When used on fire doors, they must carry an additional label showing that the devices have also been investigated for fire. They then bear the name ‘‘fire exit hardware.’’ These devices are available with various functions, including arrangements for having them locked from the outside and openable with a key. For all functions, however, they must be openable from the inside by merely depressing the cross bar.
Locking Bolts (Doors and Windows). Various types of bolts and rods are fastened to doors and windows for the purpose of securing them in closed position or to other doors and windows. Flush bolts and surface bolts, manual or automatic, are often used.
Top and bottom vertical bolts operated by a knob located at convenient height between them are known as cremorne bolts.
Keys. Locks are further classified according to the type of key required to retract the bolts. On all but the cheaper installations the principal type of key used is the cylinder key, which operates a pin-tumbler cylinder.
In the preceding locks, the locking cylinder, which is the assembly that supplies the security feature of the lock, is a cylindrical shell with rotatable barrel inside.
The barrel has a longitudinal slot or keyway formed in it. The cross section of the keyway for every lock has a shape requiring a similarly designed key. Several holes (usually five or six) are bored through the shell and into the barrel at right angles to the axis of the barrel (Fig. 11.82). In each hole is placed a pair of pins—a driver pin in the shell end and a tumbler pin in the barrel end. Pins vary in length, and the combination of lengths differs from that of pins in other locks. A spring mounted in the shell end of each hole behind each driver pin forces these pins into the hole in the barrel, so that normally they are partly in the barrel portion of the hole and partly in the shell portion. Thus, the barrel is prevented from rotating in the shell to operate the bolt, and the door remains locked.
Keys have notches spaced along one side to correspond with the spacing and length of the pins. When a key is inserted in the slot in the barrel, each notch forces a tumbler pin back, against pressure from the spring. When the proper key is inserted in the slot, each notch pushes its corresponding pair of pins just far enough back into the shell to bring the junction point of that pair exactly at the circumference of the barrel. The barrel then can be rotated within the shell by merely turning the key.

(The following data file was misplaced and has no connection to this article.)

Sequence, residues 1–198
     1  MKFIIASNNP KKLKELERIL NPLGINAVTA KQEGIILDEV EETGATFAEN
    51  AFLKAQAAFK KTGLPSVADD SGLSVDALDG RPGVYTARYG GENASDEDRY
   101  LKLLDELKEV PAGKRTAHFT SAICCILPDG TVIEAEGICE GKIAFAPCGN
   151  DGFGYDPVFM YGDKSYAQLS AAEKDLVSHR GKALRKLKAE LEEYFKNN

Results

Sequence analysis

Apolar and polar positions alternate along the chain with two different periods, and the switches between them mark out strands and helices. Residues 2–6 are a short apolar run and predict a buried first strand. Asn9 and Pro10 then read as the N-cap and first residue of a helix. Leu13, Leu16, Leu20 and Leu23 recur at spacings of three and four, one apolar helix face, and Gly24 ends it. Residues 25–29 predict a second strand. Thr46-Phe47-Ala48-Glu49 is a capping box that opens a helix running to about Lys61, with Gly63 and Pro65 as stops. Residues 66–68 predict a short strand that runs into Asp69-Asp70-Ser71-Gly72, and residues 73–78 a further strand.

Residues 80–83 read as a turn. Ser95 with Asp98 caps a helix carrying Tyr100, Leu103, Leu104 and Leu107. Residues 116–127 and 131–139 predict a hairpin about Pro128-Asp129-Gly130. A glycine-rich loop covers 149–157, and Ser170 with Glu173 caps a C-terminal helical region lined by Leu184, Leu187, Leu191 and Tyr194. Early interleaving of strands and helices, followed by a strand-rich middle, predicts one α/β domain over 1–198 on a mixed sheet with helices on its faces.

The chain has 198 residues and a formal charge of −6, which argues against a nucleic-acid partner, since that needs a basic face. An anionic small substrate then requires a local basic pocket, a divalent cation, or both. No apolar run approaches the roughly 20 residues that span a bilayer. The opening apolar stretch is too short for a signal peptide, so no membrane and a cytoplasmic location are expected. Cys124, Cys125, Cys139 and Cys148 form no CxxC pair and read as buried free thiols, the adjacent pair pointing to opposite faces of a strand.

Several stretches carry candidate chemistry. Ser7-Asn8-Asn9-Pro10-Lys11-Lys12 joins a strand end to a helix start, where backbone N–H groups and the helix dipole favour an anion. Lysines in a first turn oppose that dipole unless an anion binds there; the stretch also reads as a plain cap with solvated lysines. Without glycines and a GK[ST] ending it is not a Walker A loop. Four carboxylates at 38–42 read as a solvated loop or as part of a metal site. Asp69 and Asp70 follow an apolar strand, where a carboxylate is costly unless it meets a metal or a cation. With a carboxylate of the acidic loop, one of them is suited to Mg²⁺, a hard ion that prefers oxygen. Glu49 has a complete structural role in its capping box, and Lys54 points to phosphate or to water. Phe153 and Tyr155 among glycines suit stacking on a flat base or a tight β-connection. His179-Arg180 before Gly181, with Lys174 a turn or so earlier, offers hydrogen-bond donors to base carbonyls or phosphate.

Turning the key operates a cam attached to the end of the barrel. The cam withdraws the bolt from its locked position.
The security feature of the cylinder lock results from the fact that only one series of notches in the key will correspond to the respective lengths of the several individual pins. With as many as five or six tumblers, it is apparent that many combinations are available.
By using split pins, different keyways, and various sizes and arrangements of the pins, master keying and grand master keying of cylinder locks are made possible.
Thus one master key may be made to open all the separate locks on each floor of a building, while a grand master key will open any lock in any floor of that building. In case there are a number of such buildings in a group, a great-grand master key can be made that will open any door on any building in the group.
Security Precautions. The security of a building from the standpoint of unauthorized entry and life safety is affected by the proper selection of hardware. Although locks are important for security, the total system, including the building design, must be considered. A lock installed in a door that is loosely fitted in the frame may be ineffective. Hollow metal and aluminum frames that are not reinforced and anchored properly are easily ‘‘spread,’’ and undetectable entry can result.
In high levels of master keying, more split pins must be used, and thus more ‘‘shear lines’’ are established. This makes the cylinder easier to pick. Hence, unnecessarily complicated master key systems should be avoided.
A good security lock is available with a dead bolt and a deadlocking latch bolt.
Both bolts are retractable in one operation, merely by turning the inside knob. This satisfies requirements for security against unauthorized entry and life safety.
Hardware requirements for life safety and fire doors are covered by two National Fire Protection Association Standards, ‘‘Life Safety Code’’ and ‘‘Fire Doors and Windows.’’ Both are incorporated in many building codes.